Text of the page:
To get invited to fish in the prestigious Rolex/IGFA Inshore Championships in the Florida Keys, all you have to do is win a Lake Erie walleye tournament.
At least that s the formula used by Len Partin of Port Clinton. It was his chance to run with the big dogs.
“It s more luck on my part,” he said of his 23rd-place finish in a field of 42 Rolex/IGFA anglers, many of them world-class, hardball competitors.
“Some of those boys are there just to win.”
Partin, on the other hand, took the higher path. He was there to enjoy himself. “I had a wonderful time. I d like to go again.”
A real estate broker and auctioneer, not to mention a savvy Lake Erie walleye fisherman, Partin signed on last June for the second annual Mercury Redbone @ Large Key Bank Lake Erie Classic. The event benefits the Cystic Fibrosis Foundation.
He won the event, which gave him an invitation to the fourth annual Rolex/International Game Fish Association tournament held earlier this month.
“It was my home turf and I did really well in it,” Partin said of the Erie Classic. The field included about 40 anglers, featuring catch-and-release walleye fishing with guides to keep track of size and number.
Based at Islamorada, Fla., the Rolex/IGFA is a three-day event, fishing for tarpon, bonefish, permit, snook and redfish. Each of the 42 anglers in the field had won at least one of 50 qualifying tournaments staged in 22 states and four continents.
Anglers could earn points based on choice of fly fishing, artificial lure, or baitcasting preferences, fishing with a different guide at random each day.
Partin chose to fish with live bait and baitcasting gear, and caught two bonefish, one of them about nine pounds, and an 80-pound tarpon.
Tarpon are the mad dogs of the sea, as Partin learned. “When I was done with that, I was whupped.”
His middle-of-the-pack finish was, for him, a thrill, given the hard-core competition.
The grand champion was Mitch Howell of Plantation, Fla., who landed all five species. He is a securities investment advisor.
Howell and runner-up Sharon Ellenwood, a Tavernier, Fla., florist who also landed five species, were each awarded a Rolex timepiece.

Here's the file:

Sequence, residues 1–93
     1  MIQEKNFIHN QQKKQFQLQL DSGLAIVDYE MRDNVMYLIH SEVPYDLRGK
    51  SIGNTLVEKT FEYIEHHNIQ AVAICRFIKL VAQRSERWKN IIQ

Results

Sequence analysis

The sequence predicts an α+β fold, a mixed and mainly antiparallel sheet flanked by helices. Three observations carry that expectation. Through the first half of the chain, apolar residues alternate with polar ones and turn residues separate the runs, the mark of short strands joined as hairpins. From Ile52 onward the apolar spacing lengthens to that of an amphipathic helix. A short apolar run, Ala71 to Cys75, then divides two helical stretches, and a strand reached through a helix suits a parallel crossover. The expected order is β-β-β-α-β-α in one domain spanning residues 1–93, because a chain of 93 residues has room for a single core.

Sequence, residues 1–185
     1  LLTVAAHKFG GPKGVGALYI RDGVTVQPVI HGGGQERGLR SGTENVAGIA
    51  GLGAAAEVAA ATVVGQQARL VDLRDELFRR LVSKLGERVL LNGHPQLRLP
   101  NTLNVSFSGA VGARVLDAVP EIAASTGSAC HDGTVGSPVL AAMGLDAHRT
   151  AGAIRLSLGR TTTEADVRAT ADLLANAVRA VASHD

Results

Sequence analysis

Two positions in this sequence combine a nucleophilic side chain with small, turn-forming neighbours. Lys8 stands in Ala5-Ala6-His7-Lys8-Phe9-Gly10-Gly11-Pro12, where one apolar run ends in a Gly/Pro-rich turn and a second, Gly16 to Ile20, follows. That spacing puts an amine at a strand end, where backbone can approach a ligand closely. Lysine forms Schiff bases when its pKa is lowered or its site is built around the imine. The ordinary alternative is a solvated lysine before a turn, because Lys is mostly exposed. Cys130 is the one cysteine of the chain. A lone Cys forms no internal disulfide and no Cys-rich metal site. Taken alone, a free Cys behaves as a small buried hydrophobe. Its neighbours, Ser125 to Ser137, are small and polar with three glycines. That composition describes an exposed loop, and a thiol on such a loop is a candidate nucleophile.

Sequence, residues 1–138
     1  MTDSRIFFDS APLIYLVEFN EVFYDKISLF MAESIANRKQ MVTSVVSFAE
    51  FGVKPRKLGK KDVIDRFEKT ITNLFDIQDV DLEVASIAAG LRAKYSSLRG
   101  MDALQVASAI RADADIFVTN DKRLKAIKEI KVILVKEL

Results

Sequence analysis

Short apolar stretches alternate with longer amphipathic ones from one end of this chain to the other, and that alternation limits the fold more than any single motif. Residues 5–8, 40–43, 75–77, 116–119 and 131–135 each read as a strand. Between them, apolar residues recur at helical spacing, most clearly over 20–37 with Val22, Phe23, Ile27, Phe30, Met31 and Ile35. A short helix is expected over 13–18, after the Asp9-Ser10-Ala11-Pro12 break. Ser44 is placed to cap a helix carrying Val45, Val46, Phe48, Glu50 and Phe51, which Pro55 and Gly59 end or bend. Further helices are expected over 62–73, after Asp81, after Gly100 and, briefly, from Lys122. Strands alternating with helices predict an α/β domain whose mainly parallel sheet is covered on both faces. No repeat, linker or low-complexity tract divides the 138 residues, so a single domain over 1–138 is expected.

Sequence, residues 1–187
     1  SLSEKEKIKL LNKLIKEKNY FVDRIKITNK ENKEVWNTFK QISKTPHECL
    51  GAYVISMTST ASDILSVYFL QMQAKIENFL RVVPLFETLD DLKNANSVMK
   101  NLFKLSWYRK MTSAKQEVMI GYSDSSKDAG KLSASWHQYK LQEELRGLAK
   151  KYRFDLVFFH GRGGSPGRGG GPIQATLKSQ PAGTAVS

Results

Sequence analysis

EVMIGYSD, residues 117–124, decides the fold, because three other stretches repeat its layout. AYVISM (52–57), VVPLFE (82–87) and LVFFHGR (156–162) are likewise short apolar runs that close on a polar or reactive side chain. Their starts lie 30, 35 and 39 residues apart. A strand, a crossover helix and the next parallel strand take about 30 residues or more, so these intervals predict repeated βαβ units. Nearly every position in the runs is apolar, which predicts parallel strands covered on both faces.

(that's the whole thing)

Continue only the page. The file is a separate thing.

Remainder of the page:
Partin said he had such a good time that he is entering the Cystic Fibrosis Foundation s third annual Mercury Redbone Lake Erie Classic this year. It is set for June 17 and 18 at the Catawba Island Club.
For details contact Shannon Harris, director of special events, Cystic Fibrosis Foundation, Rainbow Chapter, 5001 Mayfield Rd., Suite 111, Lyndhurst, OH 44124. Or call 216-382-8295, or toll-free in Ohio, 1-800-368-2150.
Of course, anyone who thinks he or she is going to waltz in and snap up the Redbone win and go on to next spring s Rolex/IGFA Inshore is going to have to go through Partin. He s in it for another try, but he is not hot and bothered about it.
“If I don t do it, I hope whoever wins has as much fun at the Rolex/IGFA as I did.”
Hundreds, if not thousands of motor vehicles scuttle across the U.S. 20 bridge over the Portage River in downtown Woodville every day.
Just downstream, huge, rumbling trains doing business with the local lime plants clatter and squeal across a railroad bridge over the river.
Who thinks of such a humble stretch of stream as a smallmouth bass heaven?
Four fishing teenagers do, for starters. So must the bass.
How about an 18-inch smallmouth? Or a 22-inch northern pike?
Jacob Hepler knows the fish are for real. He caught them. He released the big bass - notable in Lake Erie and a monster for a little stream - but he kept the pike to show his grandfather, Jerry Kepus, an avid outdoorsman and inveterate elk hunter.
“Every free moment he s out there,” said Pat Hepler, Jacob s dad. “He s my outdoorsman.”
Hepler s 15-year-old son will work the holes, casting spinnerbaits of several colors, all bright, in search of the smallies.
Earlier he and his buddies were catching white bass as well. The buddies include Nathan Weichman, Dennis Dudrow and Andy LaBrier.
The teen anglers typically catch five to seven fish apiece in a couple of hours of wading and casting, the elder Hepler said.
Not bad for a humble stream simply glanced at, if not overlooked, by passing motorists and trainmen.
Lake Erie water levels currently are four inches higher than a year ago and are expected to remain so until at least mid June, according to the Ohio Division of Water.
By late summer, however, the lake level is expected to be four inches below a year ago. Levels generally are higher in spring and early summer but they evaporate by late summer and fall.
So boaters and fishermen, take heed - and take a set of charts on lake excursions. In additional to navigation charts, watercraft authorities caution boaters to observe the “rules of the road” when encountering buoys and markers.
Lake levels remain slightly below long-term averages since 1918. But weather patterns in the Great lakes basin can change quickly and unpredictably and alter even the most educated of preseason predictions, said Dick Bartz, state water division chief.
Prolonged, heavy downpours or extended dry spells in the upper Great Lakes directly and primarily impact Lake Erie levels, and those events may defy forecasts. An estimated 80 to 90 percent of the water in Lake Erie comes from the upper lakes via the Detroit River.
“Most recreational boating will not be affected by low water levels across most of Lake Erie, but boaters must continue to exert care, especially around the western reef complex and other areas where depth are more shallow,” said Ken Alvey, chief of the Ohio Division of Watercraft.
Contact Steve Pollick at: firstname.lastname@example.org or 419-724-6068
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